“I remember that, yes, for sure. We remember the Nazi occupation for sure. Even as kids, we know how the situation is, we understand it. Even if we were young kids, it didn’t bother us much, but we knew it was a really serious thing, especially after the Heydrich assassination and so on. ‘Keep your mouth shut and be careful.’”
End of WWII
“The end of the War came, so we, who were working for the firefighters, we got this stuff [weapons], and we started taking the Germans together, something like that, so I had a machine gun.”
So, were you rounding up Germans at the end of the War?
“Well, they wanted some of those prisoners, they have to move them to other cities for example. So we have to accompany them, watch them, or watch them at the barracks in Mladá Boleslav, so that’s why we had to have guns. And I had it at home, and my brother almost killed me.”
Did you use this gun? Were you shooting people?
“Well, I started to. Once, one of the prisoners tried to escape and I saw him. Now, you are a young man, you never had something, and he’s an old soldier, he knows what to do. I didn’t shoot him, exactly, I shot over his head. It was nothing funny, I tell you. Now I make a little fun out of it, but at that time it was nothing funny.”
Radio Free Europe
“Some of those people [from RFE] went through those camps, Czech camps, looking for editor-writers and so on. I had luck – it was luck – they thought I was my father, because [we have the] same name, and the guy was from Mladá Boleslav, he knew my father. He knew me personally, so he said ‘Hey, this is it.’ He said ‘You have to go to Munich and have an interview.’ So I went over there, I interviewed in English, he spoke a little bit of Czech, this English guy. ‘Ok, dobrý.’
“I was an editor-writer for announcements in between [pieces], continuity. You have to find out what the guy wrote about, say it in two sentences, and they put it between programming. So the people in Czech Republic will know ‘Hey, tomorrow will be this,’ because they don’t want to listen to it eight hours a day; it’s dangerous. But if you are interested in this program – that was my job, to tell them what the program practically is.”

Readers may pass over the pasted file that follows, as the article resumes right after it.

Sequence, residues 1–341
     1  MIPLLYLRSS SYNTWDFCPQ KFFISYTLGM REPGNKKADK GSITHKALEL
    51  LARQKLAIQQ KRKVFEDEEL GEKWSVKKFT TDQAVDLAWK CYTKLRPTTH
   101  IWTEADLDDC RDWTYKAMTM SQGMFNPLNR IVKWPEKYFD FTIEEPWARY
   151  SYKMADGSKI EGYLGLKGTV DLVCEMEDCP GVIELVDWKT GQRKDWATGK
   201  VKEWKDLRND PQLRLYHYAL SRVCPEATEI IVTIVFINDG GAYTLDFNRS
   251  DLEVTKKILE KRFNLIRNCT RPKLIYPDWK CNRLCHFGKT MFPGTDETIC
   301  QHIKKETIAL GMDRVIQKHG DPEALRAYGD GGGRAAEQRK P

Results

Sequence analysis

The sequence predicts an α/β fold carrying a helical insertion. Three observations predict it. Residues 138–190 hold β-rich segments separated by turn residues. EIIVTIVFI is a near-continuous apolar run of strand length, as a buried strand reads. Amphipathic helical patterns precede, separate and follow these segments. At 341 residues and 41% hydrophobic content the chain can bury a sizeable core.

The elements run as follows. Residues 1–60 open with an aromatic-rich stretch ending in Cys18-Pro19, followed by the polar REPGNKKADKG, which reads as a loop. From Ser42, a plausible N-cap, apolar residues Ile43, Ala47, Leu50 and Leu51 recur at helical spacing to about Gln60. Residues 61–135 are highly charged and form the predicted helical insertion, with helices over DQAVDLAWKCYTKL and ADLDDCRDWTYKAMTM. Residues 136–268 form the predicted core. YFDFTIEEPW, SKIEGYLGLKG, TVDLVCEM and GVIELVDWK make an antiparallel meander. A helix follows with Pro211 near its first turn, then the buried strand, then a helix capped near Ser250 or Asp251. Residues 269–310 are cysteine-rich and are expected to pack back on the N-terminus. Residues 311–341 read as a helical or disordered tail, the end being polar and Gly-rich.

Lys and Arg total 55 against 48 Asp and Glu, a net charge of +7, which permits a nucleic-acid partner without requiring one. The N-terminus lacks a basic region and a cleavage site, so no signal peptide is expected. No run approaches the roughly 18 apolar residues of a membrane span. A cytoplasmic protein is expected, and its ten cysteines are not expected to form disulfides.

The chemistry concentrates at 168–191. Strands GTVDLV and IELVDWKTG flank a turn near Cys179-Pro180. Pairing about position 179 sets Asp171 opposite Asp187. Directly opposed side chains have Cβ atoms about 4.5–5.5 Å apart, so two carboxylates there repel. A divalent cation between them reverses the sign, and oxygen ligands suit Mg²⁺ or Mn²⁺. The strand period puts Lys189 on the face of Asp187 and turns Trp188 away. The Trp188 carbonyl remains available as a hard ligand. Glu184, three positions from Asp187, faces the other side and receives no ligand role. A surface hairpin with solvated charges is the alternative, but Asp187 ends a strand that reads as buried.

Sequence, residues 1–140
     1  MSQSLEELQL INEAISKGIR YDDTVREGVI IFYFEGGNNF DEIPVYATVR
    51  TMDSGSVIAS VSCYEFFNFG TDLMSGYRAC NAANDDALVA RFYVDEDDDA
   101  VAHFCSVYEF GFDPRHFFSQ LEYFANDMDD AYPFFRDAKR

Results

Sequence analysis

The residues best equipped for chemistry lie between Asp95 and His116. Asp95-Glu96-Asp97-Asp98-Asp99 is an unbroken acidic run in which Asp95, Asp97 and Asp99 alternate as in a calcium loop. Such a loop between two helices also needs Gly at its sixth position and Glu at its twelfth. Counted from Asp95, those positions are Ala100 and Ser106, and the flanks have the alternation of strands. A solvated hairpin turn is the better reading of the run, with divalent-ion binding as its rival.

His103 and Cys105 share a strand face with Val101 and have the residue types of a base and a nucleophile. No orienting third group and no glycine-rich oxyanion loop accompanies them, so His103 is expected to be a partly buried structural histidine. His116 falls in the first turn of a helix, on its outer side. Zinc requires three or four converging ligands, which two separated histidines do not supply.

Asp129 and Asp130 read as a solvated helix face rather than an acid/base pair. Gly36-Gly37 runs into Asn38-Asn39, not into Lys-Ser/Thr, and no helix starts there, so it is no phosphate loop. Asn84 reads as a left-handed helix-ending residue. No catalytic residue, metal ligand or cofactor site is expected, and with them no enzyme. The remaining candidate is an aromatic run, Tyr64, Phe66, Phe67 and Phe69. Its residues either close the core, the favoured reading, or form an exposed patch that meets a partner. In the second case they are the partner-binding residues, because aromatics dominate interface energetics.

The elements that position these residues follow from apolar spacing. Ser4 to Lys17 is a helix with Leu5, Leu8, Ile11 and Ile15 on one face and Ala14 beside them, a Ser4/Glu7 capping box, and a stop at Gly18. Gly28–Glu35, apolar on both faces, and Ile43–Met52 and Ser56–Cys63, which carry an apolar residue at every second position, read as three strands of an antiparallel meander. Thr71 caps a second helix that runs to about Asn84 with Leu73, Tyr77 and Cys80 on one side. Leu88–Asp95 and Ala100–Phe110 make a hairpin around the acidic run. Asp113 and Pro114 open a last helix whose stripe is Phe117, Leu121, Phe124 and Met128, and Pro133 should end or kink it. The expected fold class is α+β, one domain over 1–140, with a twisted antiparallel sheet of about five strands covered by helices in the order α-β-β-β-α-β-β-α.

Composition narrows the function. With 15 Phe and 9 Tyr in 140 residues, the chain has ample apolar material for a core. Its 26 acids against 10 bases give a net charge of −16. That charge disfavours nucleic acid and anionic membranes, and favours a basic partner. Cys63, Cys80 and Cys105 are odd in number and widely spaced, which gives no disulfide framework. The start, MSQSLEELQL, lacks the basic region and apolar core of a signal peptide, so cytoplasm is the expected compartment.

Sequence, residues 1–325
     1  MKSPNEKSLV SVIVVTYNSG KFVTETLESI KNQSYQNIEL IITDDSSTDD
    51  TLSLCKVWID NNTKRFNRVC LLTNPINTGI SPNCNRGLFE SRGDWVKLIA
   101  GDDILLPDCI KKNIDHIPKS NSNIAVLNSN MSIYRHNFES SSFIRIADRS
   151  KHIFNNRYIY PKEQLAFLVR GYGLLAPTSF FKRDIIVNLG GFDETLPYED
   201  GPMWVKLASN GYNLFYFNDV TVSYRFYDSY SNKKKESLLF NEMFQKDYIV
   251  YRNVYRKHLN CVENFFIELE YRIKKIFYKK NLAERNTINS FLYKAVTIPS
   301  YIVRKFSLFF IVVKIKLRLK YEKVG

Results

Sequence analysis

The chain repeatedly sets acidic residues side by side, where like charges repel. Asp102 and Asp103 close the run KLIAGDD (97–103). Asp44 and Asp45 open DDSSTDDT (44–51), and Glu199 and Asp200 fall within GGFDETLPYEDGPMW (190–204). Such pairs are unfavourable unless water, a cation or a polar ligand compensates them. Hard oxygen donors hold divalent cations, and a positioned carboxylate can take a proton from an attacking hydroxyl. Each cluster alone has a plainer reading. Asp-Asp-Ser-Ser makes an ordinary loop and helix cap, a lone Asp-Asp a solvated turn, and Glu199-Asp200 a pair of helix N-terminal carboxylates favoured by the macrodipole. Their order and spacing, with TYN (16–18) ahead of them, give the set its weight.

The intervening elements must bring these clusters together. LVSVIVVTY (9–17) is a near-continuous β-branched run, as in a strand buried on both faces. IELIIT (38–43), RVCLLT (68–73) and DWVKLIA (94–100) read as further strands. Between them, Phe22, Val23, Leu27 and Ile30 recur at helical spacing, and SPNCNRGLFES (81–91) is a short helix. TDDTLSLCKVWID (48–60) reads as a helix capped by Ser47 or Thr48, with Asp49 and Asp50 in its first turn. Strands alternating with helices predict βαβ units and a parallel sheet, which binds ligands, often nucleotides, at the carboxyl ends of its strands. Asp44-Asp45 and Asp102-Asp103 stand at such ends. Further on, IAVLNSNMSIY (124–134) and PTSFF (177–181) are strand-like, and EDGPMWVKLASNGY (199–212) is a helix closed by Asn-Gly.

“Tramps are practically wild Scouts. The Scouting organization is organized. Tramps, not. Everybody knows about everybody or what’s going on, but you have no organization. That’s why the Nazis and Communists could ruin up Scouts or other organizations, but they couldn’t ruin up tramping. So most people going with the tramps enjoyed themselves or covered what they were doing, because nobody could catch them, even the Communists. And when they sometimes went over there and beat the people, they wondered ‘How come there are so many people here? How come you know there’s something here?’ Nobody had to send anything because everybody knew from Czechoslovakia, from the First Republic, every Sunday, every second Sunday in April, we’re going there. But otherwise, it’s like Scouting. But it’s wild because there’s no organization. You can change it, you can switch it, you can close it up, you can start a new one. There can be one man, there can be two, there can be thirty. Nothing’s written either. But you love nature. The real tramps, they really love nature and enjoy it. And clean up after themselves.”
(Video courtesy of Studio Na Koleni, Chicago)